Drink and Drugs News DDN 1806 | Page 20

Alcohol And heAlth


In this section we look at the key partners in referral pathways as well as the potential barriers to be overcome , and hear from organisations that have adopted a particularly successful or innovative approach

The referral chain for alcohol-related harm encompasses a wide range of healthcare and other bodies . Within health services it can include primary and emergency care settings , as well as hospital wards , outpatient departments , ambulance services , sexual health clinics , dentist surgeries , occupational health , pharmacies and antenatal clinics . Key non-health partners , meanwhile , include social services and social care , criminal justice and probation services , higher education , housing and voluntary sector organisations .

According to NICE guidelines , NHS professionals should be carrying out alcohol screening as a routine part of their practice – such as during new patient registrations , medicine reviews or screening for other conditions – with particular focus placed on groups at increased risk of alcohol-related harm . These include anyone presenting with relevant physical or mental conditions such as liver problems , high blood pressure , anxiety or depression .
Professionals should also focus on people who frequently present with injuries or regularly attend sexual health clinics , while non-NHS staff – such as those in social services , the voluntary sector or criminal justice – should also focus on people at risk of assault or self-harm .
The NICE guidelines stress the importance of not simply offering brief advice when someone seems to be alcohol-dependent . Anyone showing signs of moderate or severe dependence should be referred to specialist treatment , along with anyone displaying signs of severe alcohol-related impairment or who has alcohol-related mental health issues or liver disease . The guidelines also advise using professional judgement to potentially revise down AUDIT scores in the case of certain groups , such as older people , teenagers or women who are planning to become pregnant , stressing that offering an intervention is ‘ less likely to cause harm than failing to act where there are concerns ’.
Attending alcohol treatment may also be a conditional requirement of some community sentences in the criminal justice system , while clients can also be referred via housing bodies , particularly in the ‘ Housing First ’ model . This originated in the US but has been increasingly adopted in the UK , and uses provision of independent , ‘ condition-free ’ housing as a key means of moving people with complex needs away from homelessness and towards recovery from conditions including alcohol dependence .

“ workers in social services , the voluntary sector or criminal justice – should also focus on people at risk of assault or self-harm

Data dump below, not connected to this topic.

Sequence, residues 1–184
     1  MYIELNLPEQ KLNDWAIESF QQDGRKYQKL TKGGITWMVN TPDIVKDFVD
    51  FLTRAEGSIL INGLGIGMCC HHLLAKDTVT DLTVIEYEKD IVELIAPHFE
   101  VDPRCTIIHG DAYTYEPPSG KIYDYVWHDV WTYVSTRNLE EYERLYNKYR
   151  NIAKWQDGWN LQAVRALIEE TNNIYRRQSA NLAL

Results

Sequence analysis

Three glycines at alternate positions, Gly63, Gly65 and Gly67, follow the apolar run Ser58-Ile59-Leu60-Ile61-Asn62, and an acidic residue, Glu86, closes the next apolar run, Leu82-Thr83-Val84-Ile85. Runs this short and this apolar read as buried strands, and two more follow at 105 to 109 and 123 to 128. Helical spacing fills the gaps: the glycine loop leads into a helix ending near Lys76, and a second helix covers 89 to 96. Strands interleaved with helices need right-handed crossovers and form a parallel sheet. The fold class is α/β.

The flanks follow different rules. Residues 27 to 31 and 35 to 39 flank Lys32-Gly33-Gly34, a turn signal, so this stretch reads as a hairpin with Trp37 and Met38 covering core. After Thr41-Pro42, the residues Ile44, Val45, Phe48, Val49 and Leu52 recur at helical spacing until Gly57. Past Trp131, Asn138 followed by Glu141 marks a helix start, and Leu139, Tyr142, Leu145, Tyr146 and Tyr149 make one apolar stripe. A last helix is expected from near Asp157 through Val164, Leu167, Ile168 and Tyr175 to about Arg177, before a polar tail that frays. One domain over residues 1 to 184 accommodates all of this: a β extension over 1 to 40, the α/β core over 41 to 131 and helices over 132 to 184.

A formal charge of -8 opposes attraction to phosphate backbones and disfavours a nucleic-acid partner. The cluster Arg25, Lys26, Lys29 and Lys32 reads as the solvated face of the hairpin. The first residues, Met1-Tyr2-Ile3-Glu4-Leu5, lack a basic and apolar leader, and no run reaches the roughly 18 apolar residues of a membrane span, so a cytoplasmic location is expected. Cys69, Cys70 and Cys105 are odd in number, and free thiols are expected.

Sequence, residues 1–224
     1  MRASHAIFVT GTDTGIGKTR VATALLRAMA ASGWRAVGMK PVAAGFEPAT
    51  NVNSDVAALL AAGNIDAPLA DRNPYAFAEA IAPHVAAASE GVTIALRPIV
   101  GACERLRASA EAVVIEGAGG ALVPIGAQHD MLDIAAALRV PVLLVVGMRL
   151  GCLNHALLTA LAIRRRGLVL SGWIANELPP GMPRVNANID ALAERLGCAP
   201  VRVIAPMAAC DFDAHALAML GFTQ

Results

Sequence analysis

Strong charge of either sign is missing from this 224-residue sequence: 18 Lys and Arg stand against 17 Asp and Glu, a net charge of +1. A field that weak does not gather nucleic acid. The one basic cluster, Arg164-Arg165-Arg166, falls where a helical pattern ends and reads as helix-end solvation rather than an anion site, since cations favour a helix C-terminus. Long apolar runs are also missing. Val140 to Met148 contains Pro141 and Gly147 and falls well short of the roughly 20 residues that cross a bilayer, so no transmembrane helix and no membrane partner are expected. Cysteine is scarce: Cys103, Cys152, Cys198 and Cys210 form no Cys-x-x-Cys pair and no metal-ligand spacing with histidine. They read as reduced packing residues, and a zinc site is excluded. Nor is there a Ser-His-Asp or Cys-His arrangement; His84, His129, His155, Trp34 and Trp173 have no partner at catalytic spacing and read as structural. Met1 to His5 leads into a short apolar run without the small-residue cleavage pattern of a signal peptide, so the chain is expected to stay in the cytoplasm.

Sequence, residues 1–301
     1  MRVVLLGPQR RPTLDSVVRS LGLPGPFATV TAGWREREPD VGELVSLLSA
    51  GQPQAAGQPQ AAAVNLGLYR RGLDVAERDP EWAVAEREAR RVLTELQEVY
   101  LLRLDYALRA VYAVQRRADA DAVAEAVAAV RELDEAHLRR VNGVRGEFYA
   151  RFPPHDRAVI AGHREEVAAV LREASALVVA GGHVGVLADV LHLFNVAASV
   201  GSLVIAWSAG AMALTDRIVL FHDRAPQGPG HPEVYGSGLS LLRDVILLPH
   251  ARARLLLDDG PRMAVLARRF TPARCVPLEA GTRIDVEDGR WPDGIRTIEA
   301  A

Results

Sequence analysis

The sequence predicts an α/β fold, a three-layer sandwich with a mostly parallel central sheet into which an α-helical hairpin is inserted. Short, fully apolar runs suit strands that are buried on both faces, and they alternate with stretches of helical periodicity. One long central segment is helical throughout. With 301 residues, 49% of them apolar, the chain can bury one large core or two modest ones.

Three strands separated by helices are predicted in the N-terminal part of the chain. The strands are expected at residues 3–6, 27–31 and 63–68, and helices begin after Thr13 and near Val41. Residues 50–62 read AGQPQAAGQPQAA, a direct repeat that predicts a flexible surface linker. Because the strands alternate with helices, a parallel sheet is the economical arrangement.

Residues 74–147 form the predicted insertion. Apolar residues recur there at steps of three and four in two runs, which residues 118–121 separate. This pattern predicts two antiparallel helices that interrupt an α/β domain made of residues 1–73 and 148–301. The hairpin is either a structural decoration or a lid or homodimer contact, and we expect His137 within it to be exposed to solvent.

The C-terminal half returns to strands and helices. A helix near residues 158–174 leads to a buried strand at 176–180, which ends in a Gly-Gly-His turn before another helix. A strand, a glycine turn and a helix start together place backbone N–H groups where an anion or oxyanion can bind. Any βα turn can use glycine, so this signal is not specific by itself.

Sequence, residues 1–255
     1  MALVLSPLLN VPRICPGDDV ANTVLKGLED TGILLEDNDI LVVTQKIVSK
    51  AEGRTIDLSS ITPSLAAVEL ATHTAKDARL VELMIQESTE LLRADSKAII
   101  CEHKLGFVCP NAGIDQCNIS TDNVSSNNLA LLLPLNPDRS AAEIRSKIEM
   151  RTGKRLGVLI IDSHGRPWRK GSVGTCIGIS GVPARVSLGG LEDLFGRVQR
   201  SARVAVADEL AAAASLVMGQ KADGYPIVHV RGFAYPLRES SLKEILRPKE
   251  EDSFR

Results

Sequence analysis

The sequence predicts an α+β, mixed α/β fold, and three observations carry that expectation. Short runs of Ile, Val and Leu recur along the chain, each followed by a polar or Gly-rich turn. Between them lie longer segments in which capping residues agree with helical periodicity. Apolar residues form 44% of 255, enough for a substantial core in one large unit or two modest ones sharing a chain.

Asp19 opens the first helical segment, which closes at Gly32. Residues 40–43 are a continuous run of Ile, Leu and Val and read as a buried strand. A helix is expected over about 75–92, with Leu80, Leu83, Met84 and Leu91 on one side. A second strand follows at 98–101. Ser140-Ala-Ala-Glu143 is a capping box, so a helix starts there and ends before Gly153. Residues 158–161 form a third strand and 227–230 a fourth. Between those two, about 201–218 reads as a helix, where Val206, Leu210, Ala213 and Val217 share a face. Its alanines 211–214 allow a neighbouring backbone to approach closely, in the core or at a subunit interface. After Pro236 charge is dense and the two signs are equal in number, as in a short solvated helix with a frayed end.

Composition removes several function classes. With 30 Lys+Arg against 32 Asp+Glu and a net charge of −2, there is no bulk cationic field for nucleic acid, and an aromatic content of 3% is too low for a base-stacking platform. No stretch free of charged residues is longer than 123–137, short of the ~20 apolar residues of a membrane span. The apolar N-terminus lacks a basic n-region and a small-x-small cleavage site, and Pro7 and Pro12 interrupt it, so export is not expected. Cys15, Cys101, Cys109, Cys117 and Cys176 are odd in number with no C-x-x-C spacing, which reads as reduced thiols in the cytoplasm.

NHS professionals should be carrying out alcohol screening as a routine part of their practice

One common , and significant , barrier to referral is reluctance on the part of the client – an understandable response , as many alcohol-dependent people will be in denial about the extent of their problem and find it a difficult thing to face up to , particularly considering the levels of stigma that still exist . Fear and confusion around what alcohol treatment may entail will deter many , alongside


Case study 1
Cutting down intake gradually can be the only approach for those used to living with alcohol problems
Equinox provide services to people affected by drugs , alcohol and mental health issues , including street outreach . They came across Phil , a 41-year-old man , who had been living in a supported hostel for the past 18 months . He had a long history of alcohol misuse , legal high use , homelessness and poor physical and mental health , and had made little progress in tackling his problems .
An Equinox worker made a plan to support Phil in reducing his drinking to a level that was appropriate for him , and arranged for him to attend mutual aid support within the city . He was introduced to the idea of a daily drink diary , and this was reviewed at the end of every week , then fortnight – and showed a marked reduction in his drinking . This has meant that he has been able to attend health appointments with doctors , as there were issues regarding his poor eating habits , anxiety and depression .
He has begun to attend Springboard support groups and also attend meetings with his hostel key worker , who has been part of his support plan from the start . His legal high use has decreased and he reports feeling much better in key work sessions . He is talking about gaining life skills and doing voluntary work so he can move into band-three accommodation – the next step towards independence .
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